Top 6 Ways to Deal with A Picky Eater

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Everybody says that a child needs to eat for proper growth and development, and yes, it is entirely correct. However, as a parent, you may have a child who has finicky food preferences. Anytime that you prepare a meal that you think that the child will like, you are slapped with flimsy excuses like the food is too plain or it has funny, dark spots. Many times, the plate is left untouched, and the child will not eat without you being stern and firm.

If this is your constant struggle, you are not alone. So many parents have to worry about their picky eaters. Before discussing some of the strategies to tackle these mealtime battles, let us see why children develop picky eating habits.

◆ You force the child to eat

◆ Some kids are genetically overly sensitive to taste, smell and texture of food

◆ You too are picky about foods

◆ You are afraid of saying NO to junk food and sweet tooth treats

◆ The child wants to feed themselves, and you are not letting them do it

◆ The child does not like sitting for too long and thus prefers playing over mealtime

◆ Could be a medical condition causing slow digestion of specific foods

So, what can you do about it?

1. Provide A Wide Range of Foods

Many times as a parent you are reminded to be in touch with your expectations and make them realistic. It is unrealistic to expect a child to enjoy the same mashed meal day in day out. When you are preparing your meals, most likely you provide various dishes and go an extra mile to research on recipes that the family will enjoy, right? It is the same thing for a child. They like a variety of not only food but also other items around them. Keep on introducing new foods as you track sensitivities. Sometimes you may have to present a specific food for about 10 to 15 times before the child likes it. So, do not give up after some few trials.

When introducing new foods or encouraging the child to eat something that they do not like, gently do it by putting the foods next to those that they already like. You can also use healthy and exciting dips like yogurt, hummus, and soups when introducing various vegetables and fruits.

The rule of eating a variety of healthy foods applies to you and the rest of the family members as well- you need to lead by example. Avoid showing disgust or disinterest no matter how you dislike a particular type of food or else the child will pick the same behavior.

2. Involve The Child in Preparing The Meals

Involving the child from grocery shopping, meal planning to preparing a dish not only helps them to increase interest in food but also to learn life skills. Furthermore, you create family bonds and memories while teaching healthy habits. When shopping, teach the child different food groups and how to differentiate good and bad quality products. For meal planning, give the child options of choosing what they would like to eat on certain days. Provide interesting magazines, websites and child-friendly cookbooks with pictures and simple instructions, to give the child some ideas.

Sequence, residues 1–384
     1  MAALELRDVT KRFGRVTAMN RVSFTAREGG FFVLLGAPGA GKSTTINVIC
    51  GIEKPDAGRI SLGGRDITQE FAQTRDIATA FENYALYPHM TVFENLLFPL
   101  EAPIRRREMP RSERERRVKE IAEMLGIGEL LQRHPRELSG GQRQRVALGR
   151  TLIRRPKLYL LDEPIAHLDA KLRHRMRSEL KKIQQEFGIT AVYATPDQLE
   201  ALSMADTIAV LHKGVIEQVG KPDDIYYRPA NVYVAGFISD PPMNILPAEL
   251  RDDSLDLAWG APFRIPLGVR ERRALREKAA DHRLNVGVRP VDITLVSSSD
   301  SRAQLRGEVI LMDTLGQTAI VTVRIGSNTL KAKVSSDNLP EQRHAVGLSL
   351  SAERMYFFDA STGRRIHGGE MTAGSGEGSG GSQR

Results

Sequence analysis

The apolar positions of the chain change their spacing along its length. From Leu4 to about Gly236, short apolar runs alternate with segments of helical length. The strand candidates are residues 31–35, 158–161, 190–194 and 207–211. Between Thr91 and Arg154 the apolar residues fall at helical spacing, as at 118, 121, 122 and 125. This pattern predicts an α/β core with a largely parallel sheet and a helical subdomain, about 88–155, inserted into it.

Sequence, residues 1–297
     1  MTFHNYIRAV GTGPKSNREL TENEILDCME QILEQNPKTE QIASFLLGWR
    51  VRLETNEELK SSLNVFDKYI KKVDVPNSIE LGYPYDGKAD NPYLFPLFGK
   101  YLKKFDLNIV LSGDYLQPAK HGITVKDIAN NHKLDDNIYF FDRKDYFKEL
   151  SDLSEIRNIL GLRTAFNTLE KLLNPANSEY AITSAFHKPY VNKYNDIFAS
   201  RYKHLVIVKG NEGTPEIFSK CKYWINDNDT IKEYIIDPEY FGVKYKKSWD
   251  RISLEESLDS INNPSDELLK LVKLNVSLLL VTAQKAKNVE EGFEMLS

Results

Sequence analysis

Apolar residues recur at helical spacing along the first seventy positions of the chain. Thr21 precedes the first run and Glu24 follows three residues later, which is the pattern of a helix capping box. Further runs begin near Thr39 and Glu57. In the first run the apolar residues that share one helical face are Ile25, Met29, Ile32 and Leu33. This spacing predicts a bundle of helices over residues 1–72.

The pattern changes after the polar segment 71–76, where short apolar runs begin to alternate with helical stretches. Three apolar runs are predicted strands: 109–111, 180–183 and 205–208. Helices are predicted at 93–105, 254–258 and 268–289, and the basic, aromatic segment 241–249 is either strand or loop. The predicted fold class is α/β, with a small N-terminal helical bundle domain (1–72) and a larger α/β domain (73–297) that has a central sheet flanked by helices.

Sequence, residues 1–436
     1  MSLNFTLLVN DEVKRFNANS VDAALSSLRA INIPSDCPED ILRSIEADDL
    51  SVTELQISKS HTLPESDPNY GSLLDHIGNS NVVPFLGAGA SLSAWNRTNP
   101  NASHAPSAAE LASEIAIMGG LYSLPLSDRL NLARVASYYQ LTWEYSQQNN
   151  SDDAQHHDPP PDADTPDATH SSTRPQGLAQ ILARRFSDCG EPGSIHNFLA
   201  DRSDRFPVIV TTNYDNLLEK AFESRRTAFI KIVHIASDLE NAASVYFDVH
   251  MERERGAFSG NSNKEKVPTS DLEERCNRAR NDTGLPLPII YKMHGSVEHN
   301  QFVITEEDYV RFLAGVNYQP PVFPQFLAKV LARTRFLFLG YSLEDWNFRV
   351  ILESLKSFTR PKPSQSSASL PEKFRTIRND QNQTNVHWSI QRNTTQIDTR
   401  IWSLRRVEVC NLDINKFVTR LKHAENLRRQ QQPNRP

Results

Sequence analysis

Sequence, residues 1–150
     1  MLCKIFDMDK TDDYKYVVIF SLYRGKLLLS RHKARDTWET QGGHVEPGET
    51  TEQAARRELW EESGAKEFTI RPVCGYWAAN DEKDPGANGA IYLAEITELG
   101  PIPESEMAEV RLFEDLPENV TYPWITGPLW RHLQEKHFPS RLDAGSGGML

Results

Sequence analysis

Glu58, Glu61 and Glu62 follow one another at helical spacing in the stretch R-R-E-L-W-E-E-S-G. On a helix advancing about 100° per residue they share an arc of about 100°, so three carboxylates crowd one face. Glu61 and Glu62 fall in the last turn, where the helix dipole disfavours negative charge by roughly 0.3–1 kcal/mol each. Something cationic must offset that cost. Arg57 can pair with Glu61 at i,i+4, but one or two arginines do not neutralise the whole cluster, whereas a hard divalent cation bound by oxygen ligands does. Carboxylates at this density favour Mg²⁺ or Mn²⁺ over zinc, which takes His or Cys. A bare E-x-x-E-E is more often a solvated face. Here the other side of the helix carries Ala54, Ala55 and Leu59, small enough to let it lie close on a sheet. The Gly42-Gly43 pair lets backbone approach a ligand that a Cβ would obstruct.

During meal preparation, let the child explore each food by smelling, touching or even dropping to a bowl. For younger children, do not let them handle sharp utensils, fire sources or hot food.

3. Let The Child Trying Self-feeding

Sometimes a child may be picky because you insist on feeding them when they don’t want to be fed. Self-feeding especially for young children may be quite messy, but why not try it if it is the only thing that will make the child eat?

For younger children, offer safe finger foods that the child can feed themselves without chocking. If the food needs a spoon, help the child hold the spoon without letting them feel like they are out of control. If the child wants specific foods placed on a particular part of the plate, let them do it. If old enough, the child can serve themselves, but with your supervision.

4. Eat Meals Together

If possible, take meals as a family. Turn off all electronic devices that may deviate the child’s attention or any other family member. This encourages mindful eating as the child also learns to listen to their hunger cues. It may be very tempting let the kids watch tv as you respond to messages or work late, but think about the positive eating habits, bonds, and memories that you will be creating.

When eating together, encourage other family members to always talk positively about food. Start a discussion on the food’s texture, flavor, health benefits and colors. This could also be a time to teach the child on counting, identifying shapes and colors.

5. The Plates Do Not Have to Be Empty

Children continuously grow new taste buds almost every two weeks. That means that a child may not like the taste of a particular food but the following week, the plate could be empty as they develop a liking. Moreover, the stomach of a child is only as large as their clenched fist.

Therefore, do not force the child to wipe the plate clean. You already know anytime that you try to force the child to do something, you put up yourself for a power struggle. So, instead of making every mealtime a miserable experience, let the child eat what they can.

Make sure that you spread the meals throughout the day so that the child will neither remain hungry nor be full during main meal times.

6. Get Medical Evaluation

If nothing else works and you are concerned about your child’s growth and development, then it is best to consult your child’s pediatrician. A food log together with the child’s growth and development chart will help both you and the doctor to investigate the underlying problems. If not checked, the child can develop nutritional deficiencies and food allergies if they are not already present. And watch the video about tips for dealing with picker eaters.

 

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